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Regina Caputo | USLHC | USA

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The Futures Section of Nature

Yesterday, I was reading in the Futures section of Nature (vol. 463, 25 Feb 2010),  a short story called Distraction: A fine romance by Julian Tang.

I apologize to those of you who don’t have free access to Nature (it’s in essence the UK’s version of Science) and can’t read it but I have a bit of a rant.
I’ll briefly summarize:
outgoing Astronomer girl meets painfully awkward English major boy. Girl falls in love, couple get married, girl has children, girl “gave up her life-long dream of joining the SETI Institute to become a full-time mother” and boy “showed an amazing talent for predicting stock-market trends and became a very successful investment manager”.
Later on, boy is on his death-bed and asks girl if she regrets giving up her dreams (really, he asks her now). Girl replies: “Yes, a little, I guess – but having children is a worthy substitute, my love.”
Then boy floats away (you guessed it… he was an alien). Later on girl’s granddaughter has an interest in SETI. Dead-ish alien boy then “returns” to earth to “distract” (i.e. marry and impregnate) the granddaughter so she doesn’t find aliens either.
Huh??
There are so many things wrong with this article. First, the story is beyond poorly written. Between my personal rage and awkward unnatural dialogue I barely got through it. Second, since when do English majors become investment managers and since when is that the definition of success? – I thought Nature would emphasize science, not investment management. It seems if nothing else “girl” would be more adept for her job and the boy could have stayed home with the kids or there could have been a balance of both. But adeptness doesn’t matter, the basic jest of the story is women can not possibly follow their dreams and have a family – and this fact is so obvious that even aliens apparently know this and can use it to prevent being discovered.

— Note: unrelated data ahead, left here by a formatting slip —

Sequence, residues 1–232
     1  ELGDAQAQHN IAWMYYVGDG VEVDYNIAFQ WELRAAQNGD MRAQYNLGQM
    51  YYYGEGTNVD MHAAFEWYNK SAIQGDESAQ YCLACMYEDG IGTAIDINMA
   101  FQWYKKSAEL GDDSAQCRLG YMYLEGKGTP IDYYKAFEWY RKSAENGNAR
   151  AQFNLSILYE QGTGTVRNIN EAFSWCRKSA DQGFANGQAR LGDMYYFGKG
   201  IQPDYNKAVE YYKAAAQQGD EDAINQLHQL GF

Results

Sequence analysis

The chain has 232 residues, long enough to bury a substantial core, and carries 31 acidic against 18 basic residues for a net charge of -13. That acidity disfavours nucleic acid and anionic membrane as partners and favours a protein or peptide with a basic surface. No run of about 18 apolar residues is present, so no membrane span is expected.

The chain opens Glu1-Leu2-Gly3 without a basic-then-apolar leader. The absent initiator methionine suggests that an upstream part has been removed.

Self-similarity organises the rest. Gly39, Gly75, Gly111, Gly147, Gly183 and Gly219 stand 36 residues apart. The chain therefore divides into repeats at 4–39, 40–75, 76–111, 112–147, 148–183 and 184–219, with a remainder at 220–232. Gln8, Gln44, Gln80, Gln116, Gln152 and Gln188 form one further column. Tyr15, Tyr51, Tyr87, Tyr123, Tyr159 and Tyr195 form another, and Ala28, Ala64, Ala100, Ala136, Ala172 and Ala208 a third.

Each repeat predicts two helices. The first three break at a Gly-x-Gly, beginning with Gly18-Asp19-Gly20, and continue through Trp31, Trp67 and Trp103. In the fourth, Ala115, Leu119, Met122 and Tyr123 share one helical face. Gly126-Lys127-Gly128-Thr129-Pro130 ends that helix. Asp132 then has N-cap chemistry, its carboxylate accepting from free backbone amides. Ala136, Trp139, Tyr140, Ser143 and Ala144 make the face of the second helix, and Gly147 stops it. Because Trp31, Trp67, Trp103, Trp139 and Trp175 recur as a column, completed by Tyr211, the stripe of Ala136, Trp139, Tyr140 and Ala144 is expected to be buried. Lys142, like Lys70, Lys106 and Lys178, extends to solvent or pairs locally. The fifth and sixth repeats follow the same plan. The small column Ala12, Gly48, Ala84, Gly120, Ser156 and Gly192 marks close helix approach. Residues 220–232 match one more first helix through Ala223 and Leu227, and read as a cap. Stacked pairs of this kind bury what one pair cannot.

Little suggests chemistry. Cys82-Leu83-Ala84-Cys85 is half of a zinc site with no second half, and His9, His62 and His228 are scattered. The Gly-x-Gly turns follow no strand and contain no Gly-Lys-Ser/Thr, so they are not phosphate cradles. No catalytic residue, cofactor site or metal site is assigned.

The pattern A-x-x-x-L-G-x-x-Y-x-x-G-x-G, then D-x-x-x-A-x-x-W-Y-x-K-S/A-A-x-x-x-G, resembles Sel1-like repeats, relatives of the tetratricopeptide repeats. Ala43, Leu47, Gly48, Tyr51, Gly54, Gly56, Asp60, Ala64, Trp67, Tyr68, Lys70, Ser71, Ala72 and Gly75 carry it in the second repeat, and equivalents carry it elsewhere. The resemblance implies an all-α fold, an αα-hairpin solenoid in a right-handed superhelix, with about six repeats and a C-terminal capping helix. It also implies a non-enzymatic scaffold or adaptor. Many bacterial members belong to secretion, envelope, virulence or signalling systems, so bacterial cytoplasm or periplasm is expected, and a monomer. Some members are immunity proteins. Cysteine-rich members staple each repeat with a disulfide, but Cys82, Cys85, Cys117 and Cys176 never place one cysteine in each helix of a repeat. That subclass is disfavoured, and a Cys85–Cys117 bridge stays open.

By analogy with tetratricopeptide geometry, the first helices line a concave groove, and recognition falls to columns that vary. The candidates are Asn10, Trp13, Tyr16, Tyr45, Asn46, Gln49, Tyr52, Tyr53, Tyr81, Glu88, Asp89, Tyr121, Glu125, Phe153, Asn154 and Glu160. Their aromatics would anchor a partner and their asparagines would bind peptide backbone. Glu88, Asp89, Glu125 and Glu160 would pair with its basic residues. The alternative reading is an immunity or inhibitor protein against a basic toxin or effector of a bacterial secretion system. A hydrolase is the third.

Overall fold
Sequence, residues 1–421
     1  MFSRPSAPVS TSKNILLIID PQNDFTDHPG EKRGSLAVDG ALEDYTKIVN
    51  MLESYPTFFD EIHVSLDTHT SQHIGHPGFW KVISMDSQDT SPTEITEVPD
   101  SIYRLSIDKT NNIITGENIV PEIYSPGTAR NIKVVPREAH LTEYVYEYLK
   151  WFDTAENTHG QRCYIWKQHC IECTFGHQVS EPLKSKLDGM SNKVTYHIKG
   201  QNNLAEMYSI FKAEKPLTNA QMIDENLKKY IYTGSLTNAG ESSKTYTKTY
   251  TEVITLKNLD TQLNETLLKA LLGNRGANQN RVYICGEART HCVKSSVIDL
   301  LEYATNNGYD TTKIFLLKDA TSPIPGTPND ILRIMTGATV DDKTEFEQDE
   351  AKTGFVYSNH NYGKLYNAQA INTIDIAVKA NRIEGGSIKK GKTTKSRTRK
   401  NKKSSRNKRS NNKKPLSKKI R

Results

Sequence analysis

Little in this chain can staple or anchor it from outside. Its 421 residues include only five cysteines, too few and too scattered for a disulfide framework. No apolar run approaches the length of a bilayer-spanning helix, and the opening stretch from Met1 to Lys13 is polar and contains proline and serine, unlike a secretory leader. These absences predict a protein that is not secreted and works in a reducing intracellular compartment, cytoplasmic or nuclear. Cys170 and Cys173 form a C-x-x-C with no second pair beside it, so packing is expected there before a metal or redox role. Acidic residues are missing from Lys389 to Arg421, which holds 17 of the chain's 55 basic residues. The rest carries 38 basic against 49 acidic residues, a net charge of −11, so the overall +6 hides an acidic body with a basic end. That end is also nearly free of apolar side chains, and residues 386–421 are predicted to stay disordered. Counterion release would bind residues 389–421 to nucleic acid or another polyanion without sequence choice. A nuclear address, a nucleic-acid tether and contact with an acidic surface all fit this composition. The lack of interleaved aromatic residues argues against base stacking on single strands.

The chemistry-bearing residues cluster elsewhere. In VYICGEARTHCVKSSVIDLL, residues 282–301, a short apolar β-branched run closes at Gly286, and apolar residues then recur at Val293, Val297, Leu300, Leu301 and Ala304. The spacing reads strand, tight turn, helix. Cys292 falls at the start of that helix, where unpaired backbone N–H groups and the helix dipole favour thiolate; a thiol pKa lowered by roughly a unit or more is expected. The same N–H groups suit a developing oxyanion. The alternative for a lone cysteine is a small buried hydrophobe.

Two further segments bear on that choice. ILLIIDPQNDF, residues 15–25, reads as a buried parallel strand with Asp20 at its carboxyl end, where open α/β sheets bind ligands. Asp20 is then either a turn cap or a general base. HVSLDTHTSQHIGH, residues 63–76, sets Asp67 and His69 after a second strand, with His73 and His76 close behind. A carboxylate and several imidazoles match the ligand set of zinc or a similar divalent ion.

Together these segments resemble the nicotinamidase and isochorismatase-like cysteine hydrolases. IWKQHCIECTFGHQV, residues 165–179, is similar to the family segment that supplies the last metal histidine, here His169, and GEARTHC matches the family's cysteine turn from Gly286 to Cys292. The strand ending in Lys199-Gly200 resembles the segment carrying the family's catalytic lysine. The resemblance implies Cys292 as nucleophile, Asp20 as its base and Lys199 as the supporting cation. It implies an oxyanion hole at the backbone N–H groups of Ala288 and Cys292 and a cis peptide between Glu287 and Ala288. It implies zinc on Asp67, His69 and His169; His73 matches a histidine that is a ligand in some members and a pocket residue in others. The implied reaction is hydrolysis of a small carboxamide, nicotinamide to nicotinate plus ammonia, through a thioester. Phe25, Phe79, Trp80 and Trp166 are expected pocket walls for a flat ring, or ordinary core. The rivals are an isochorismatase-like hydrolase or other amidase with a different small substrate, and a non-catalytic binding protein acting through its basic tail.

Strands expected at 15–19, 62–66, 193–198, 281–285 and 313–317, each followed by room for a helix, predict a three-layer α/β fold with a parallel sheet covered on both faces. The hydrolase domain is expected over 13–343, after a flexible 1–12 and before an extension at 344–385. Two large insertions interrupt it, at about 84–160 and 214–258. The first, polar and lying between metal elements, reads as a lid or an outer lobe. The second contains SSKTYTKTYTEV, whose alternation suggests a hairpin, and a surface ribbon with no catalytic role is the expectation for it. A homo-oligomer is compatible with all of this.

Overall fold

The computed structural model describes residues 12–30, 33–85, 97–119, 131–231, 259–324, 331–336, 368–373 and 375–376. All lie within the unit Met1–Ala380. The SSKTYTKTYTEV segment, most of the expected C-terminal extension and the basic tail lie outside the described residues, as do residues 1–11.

I repeat… Huh???

Isn’t that exactly the wrong message we want to send to our young women (myself included)? I know plenty of talented women scientists who have a family/life outside of their work. I would even go so far as to say that having a multifaceted life helps you to be a successful scientist.

Of course, one has to assume that this is the opinion of the author, but it was  published in Nature, a science journal! And that gives Julian Tang (virologist and SETI member) a voice. What does he think of his female colleagues at SETI, especially if they have children? Anyway, this really steamed my clams, it also steamed the clams of one of female faculty in the department and several other grad students (men and women alike) with whom I shared the article – so I’m not the only one. In conclusion:

Dear Nature,
Please stop publishing articles from want-to-be science fiction writers in which potential women scientists must substitute children for a career. It makes the whole field seem like something out of a 1950s sitcom.
Thank you.

-Regina

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